Countermeasures to deception and ironic effects: How much control do we have?
Hurley, Carolyn M.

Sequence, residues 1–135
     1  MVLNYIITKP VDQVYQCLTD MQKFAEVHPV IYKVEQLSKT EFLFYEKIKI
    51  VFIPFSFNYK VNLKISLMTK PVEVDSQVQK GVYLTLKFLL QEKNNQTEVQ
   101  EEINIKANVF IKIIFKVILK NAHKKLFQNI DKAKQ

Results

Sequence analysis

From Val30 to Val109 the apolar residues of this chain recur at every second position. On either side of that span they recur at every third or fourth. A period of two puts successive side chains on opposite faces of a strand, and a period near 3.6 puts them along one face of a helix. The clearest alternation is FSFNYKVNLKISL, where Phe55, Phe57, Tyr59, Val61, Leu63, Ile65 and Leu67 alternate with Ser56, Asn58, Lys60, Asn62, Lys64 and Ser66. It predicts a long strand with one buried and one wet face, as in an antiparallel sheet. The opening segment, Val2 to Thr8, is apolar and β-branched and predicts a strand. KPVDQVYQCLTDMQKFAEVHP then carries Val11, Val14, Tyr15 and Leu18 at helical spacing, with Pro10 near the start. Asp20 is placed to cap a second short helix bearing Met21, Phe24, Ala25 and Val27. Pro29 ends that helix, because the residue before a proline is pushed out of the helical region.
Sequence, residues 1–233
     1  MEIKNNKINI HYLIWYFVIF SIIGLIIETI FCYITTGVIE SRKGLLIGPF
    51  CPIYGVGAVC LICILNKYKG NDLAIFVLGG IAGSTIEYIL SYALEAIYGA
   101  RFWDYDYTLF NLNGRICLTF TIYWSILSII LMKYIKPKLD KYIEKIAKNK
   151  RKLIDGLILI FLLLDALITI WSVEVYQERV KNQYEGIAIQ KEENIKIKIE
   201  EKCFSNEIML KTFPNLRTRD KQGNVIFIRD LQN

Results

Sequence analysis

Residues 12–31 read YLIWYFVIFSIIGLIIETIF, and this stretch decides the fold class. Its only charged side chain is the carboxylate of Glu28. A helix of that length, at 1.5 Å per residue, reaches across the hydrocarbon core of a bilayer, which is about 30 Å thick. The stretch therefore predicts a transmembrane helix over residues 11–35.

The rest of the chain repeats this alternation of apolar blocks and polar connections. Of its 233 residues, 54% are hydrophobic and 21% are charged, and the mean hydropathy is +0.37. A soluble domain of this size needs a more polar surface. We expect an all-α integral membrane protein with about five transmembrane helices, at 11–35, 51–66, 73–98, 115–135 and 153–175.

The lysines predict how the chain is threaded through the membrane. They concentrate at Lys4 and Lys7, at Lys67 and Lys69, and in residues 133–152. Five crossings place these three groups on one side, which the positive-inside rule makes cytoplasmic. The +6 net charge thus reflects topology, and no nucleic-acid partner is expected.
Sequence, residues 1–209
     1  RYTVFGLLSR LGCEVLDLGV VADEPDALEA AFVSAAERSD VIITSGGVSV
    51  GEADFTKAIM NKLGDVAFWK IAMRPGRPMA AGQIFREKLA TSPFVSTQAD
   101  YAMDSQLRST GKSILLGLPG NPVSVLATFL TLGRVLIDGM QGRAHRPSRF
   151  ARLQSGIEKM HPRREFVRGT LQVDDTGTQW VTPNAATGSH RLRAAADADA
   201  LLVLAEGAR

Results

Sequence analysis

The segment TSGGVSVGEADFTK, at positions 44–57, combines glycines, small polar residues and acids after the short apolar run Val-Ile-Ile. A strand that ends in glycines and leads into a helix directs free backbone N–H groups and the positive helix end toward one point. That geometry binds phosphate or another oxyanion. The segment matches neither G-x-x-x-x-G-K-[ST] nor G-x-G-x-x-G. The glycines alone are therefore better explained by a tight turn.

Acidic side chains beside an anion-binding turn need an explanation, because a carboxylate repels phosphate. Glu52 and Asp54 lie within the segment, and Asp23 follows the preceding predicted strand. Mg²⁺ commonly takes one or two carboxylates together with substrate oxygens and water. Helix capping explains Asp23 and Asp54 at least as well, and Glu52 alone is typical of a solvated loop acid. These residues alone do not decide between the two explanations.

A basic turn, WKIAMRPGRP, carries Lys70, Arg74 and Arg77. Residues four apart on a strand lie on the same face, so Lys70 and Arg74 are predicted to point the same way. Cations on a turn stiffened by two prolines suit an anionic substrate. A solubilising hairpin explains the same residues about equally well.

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The present study examines the ability of liars and truth-tellers to monitor behavioral cues as related to ironic process theory (Wegner, 1994). Ironic process theory posits that when a mental effort is made to control a desired outcome or behavior, the monitoring process overwhelms the individual and causes the person to go against his or her original intention. This monitoring process is ironic because it contradicts the intention of the individual (Wenzlaff & Wegner, 2000). In this study sixty students participated in a mock crime experiment in which they were assigned to either take (and lie) or not take (and tell the truth) an item and then enter an interview about the theft of that item. Some participants were also instructed to monitor one of two facial actions during an interview and some participants were provided with no behavioral instructions. During the interviews participants were videotaped and their facial actions were scored using the Facial Action Coding System (FACS: Ekman & Friesen, 1978). Results indicate that participants have some success at controlling the intensity of expression, but did not differ from the control groups in the frequency of expression. Implications for national security and future research are discussed.